Back-up Alarm

The truck was equipped with a back-up alarm that operated off the transmission's reverse light switch circuit. The alarm was mounted in the rear bumper area, inboard of the bed's rear face plate. It was approximately 33 inches off the ground with the sound opening pointed toward the ground.

The back-up alarm sounded and both reverse lights illuminated when the transmission selector lever was placed in the reverse position with the engine running. The back-up alarm was an ECCO model 850 rated at a sound pressure level of 112 +/- 4 dBA at a distance of four feet with a nominal supply voltage of 12 to 36 Volts (DC) and operated in a frequency range of 1,000 - 1,500 Hertz.

The investigators conducted sound level measurements regarding the truck's back-up alarm and ambient noise levels. A Sound Level Meter (SLM) reading of the back-up alarm was taken with a Quest 200 dosimeter, using the weighted network, on June 8, 2009. The noise test was conducted with the truck's engine at idle and the automatic transmission in reverse. The SLM reading from the alarm was 113 dBA within two inches of the alarm. The alarm's SLM reading was 82 dBA at three feet behind the truck. The reading was 78.9 dBA three feet beside the rear dual tires.

On June 9, 2009, the back-up alarm was removed from its location under the truck bed and another SLM reading was taken with the same dosimeter. At two feet away, the noise level was 90 dBA. Another SLM reading was taken within two inches of the alarm and the reading was 113 dBA. According to the manufacturer's information, the alarm sound was approximately 20 dBA too low at two feet away.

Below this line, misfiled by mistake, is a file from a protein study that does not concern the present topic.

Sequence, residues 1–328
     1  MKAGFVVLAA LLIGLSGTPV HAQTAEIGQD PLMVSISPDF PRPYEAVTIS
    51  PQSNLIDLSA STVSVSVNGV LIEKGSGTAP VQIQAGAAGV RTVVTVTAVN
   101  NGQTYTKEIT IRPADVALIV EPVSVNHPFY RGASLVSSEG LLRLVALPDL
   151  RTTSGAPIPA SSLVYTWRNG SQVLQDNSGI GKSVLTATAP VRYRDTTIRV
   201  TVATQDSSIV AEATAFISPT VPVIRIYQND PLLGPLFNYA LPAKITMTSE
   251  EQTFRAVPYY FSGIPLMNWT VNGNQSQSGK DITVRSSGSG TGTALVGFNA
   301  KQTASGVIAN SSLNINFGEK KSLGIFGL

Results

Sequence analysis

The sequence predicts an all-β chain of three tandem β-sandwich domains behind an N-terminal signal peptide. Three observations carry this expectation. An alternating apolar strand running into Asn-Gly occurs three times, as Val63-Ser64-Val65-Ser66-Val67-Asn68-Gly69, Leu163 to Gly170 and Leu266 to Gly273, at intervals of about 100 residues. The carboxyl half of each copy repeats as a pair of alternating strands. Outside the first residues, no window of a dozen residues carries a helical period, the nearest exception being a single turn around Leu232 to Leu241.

The manufacturer's recommendations indicated that the back up alarm should be mounted approximately four feet above ground level in the area of the rear face of the bed with the sound opening facing the "target hazard area." An additional recommendation was that a spotter be provided to the driver when backing a vehicle in an environment where persons may not hear the back-up alarm.

Three drills were at the site of the accident. At the time of the accident, all of the drills were reported to be operating at high idle and one of the drills was drilling. The noise at the time of the accident was simulated by operating all the drills at high idle with one drilling and with the flatbed truck in reverse at the impact area. The level of noise was 86 dBA facing the rear of the truck where the victim was struck. At seven feet to the side of the truck and at the rear wheel well on the passenger side of the truck, the noise level was about 86 dBA. Investigators determined that the backup alarm was not audible above the surrounding noise levels during this simulation.

Weather

On the day of the accident, the sky was overcast and the temperature was 58 degrees Fahrenheit.

Training and Experience

Steven L. Halverson had 27 years of total mining experience. He had received training in accordance with 30 CFR Part 48.

Nicholas Brunson had 9 months of mining experience, all at this mine. He had received training in accordance with 30 CFR Part 48.

ROOT CAUSE ANALYSIS

A root cause analysis was performed and the following root causes were identified:

Root Cause: Management's policies and procedures were inadequate and failed to ensure that persons could safely walk in the drilling area.

Corrective Action: Management implemented new policies and procedures for governing the direction of travel of mobile equipment in the drilling area. All persons working in the drilling area were trained regarding the procedures.

Root Cause: Management's policies failed to ensure the flatbed truck operating in the drilling area had a back-up alarm audible above the surrounding noise levels.

Corrective Action: Management implemented new policies and procedures to ensure back-up alarms were installed on mobile equipment in locations as recommended by the manufacturer to allow for the alarms to be audible above the surrounding noise levels.

CONCLUSION